The Anti-Imperialist Left Strikes

While I don’t like Peter Beinart, that’s mostly because I resent that myopic liberal hawks like him, who see a threat where none exists, have hijacked the liberal internationalist movement. See Andrew O’Hehir for more on that. I don’t like Chuck Peña for totally different reasons. It’s because he despises liberal internationalism in general:

In a recent op-ed in the Los Angeles Times, Peter Beinart — former editor of The New Republic, who has declared that only liberals can win the war on terror (the self-proclaimed subtitle of his new book) — offers up a weak mea culpa for “mistakenly” backing the Iraq war but lauds President Clinton’s “multilateral war to prevent the neo-fascist Slobodan Milosevic from cleansing ethnic Albanians from their homes.” What he conveniently ignores is that Clinton’s war in the Balkans was no different than the Bush administration’s so-called unilateral invasion of Iraq to depose Saddam Hussein. Both were military actions against sovereign states conducted without the formal approval of the UN Security Council and neither represented an imminent threat to U.S. security — and both were rationalized on humanitarian grounds. As long as liberals like Beinart cannot fathom that liberal internationalism (or what he calls anti-totalitarian liberalism) is fundamentally the same thing as neoconservatism as implemented by the Bush administration, liberals cannot hope to fashion together a policy and strategy to win the war on terror.

Neoconservatives and liberal internationalists agree on exactly two things: (a) democracy and human rights are probably good and (b) America should probably do something to advance them. That’s where the similarities end. Neoconservatives disdain alliances, don’t care for diplomacy or treaties, and are fine with overthrowing states and building nothing in their place. Liberal internationalists always work multilaterally, use diplomacy and negotiations before forces, and think that limited wars, like those in Bosnia and Kosovo, are more successful humanitarian enterprises that regime changes.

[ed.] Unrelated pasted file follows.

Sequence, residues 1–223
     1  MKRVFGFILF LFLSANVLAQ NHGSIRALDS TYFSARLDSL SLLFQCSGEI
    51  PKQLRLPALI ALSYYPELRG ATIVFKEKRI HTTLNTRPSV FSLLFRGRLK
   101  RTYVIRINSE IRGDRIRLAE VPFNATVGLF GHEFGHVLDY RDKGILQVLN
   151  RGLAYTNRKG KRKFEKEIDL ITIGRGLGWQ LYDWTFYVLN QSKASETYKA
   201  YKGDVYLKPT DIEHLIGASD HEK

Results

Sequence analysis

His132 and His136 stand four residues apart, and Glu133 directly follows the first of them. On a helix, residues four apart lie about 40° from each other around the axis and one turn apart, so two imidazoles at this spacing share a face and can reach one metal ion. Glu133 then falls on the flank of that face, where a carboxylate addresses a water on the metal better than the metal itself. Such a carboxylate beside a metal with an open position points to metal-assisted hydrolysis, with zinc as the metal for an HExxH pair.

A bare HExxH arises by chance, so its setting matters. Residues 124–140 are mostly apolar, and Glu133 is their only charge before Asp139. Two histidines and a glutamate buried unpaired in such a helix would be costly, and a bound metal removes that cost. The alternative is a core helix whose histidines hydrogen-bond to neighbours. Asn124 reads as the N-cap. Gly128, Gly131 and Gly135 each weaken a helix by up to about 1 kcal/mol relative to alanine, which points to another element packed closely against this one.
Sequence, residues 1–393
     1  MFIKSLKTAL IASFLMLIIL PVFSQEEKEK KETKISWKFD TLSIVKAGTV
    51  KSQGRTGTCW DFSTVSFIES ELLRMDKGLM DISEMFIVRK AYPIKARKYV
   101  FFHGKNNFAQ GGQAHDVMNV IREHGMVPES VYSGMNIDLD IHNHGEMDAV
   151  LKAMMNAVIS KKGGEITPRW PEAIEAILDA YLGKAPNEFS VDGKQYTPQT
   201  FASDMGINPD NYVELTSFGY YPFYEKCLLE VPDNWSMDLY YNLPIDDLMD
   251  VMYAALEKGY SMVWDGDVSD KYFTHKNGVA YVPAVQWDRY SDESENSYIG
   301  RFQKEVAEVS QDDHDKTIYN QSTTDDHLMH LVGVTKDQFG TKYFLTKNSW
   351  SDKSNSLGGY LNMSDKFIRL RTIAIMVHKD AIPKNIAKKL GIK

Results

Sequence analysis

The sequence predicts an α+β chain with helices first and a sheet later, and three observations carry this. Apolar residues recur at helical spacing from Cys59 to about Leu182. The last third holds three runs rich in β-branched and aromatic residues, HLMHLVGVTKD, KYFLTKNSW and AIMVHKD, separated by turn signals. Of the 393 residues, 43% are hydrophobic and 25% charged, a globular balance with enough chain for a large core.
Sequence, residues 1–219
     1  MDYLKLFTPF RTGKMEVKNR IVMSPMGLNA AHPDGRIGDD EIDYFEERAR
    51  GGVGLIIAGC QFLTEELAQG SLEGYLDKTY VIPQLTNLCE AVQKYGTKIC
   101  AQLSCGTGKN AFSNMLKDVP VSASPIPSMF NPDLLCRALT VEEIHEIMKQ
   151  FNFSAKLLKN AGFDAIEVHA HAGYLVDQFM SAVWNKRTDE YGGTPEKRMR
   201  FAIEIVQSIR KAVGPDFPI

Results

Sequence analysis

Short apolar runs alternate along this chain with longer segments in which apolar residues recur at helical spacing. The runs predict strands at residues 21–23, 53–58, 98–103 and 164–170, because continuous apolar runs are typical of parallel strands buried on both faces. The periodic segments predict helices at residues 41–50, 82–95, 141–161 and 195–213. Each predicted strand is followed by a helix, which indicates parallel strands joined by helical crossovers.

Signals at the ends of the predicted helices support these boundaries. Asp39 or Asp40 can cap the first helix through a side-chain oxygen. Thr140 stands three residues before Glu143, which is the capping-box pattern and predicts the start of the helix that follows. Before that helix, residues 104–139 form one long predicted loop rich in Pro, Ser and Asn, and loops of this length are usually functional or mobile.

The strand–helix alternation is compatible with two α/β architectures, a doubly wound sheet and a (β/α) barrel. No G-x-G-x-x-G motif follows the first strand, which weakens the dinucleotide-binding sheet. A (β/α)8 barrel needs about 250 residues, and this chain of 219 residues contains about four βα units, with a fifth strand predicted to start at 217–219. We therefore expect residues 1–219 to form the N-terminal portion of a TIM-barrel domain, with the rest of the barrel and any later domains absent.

This shows what’s different between Iraq and Kosovo. Kosovo was conducted under NATO, which, while not the UN, was a legitimate international authority. There was a true alliance running the operation. Also, the goal, ending the genocide in Kosovo, was very limited and achievable. And, indeed, it was achieved quickly, and with no lost American troops. Iraq was conducted by a coalition in name only, without any international body endorsing it, and had a goal (disarming Saddam) that was both attainable through diplomacy and far too expensive to do through military operation.
Peña may be right. This may just be a difference of tactics. But tactics matter. The key difference between neoconservatives and liberal internationalists is that while both want American power to be used for liberal ideals, liberal internationalists do it right, while neoconservatives just don’t.

1 thought on “The Anti-Imperialist Left Strikes

  1. I certainly agree with your real point that Kosovo was a competent operation (that did in fact contribute to regime change), while Iraq is catastrophically incompetent. But I am not convinced by the way that you describe the distinction in terms of ideology. I know that it isn’t your idea to say, liberal internationalists this, neoconservatives that. Rather, I have the feeling that this ideological map is somewhat artificial and ex post facto.
    Certainly a lot of Americans think that the United States is all but omnipotent, at least when it works for a just cause such as democracy. Neoconservatism is a complicated description for this mode of thought; I might just call it “naive nationalism”. Or maybe just naivete, period.
    In fact, the Kosovo operation also only had weak international backing. NATO supported it, of course, but the United Nations did not. A key difference is that the operation was limited. But then, the Republican nationalists also thought that the Iraq would be limited. They were simply wrong. Now they trudge on, more out of sheer inflexibility than any real argument.
    In the end I have trouble making any clean distinction between “neoconservatism” and “liberal internationalism” in this context other than that one camp is right and the other camp is wrong. That’s not particularly fair as a definition. I would just say that these Republican nationalists, or neoconservatives or whatever they should be called, have cast their lot with a single disastrous decision, regardless of their a priori ideology.
    I agree that Chuck Pena’s thinking is just as inflexible as that of the nationalists. In his defense, he isn’t pushing for an unwinnable war.

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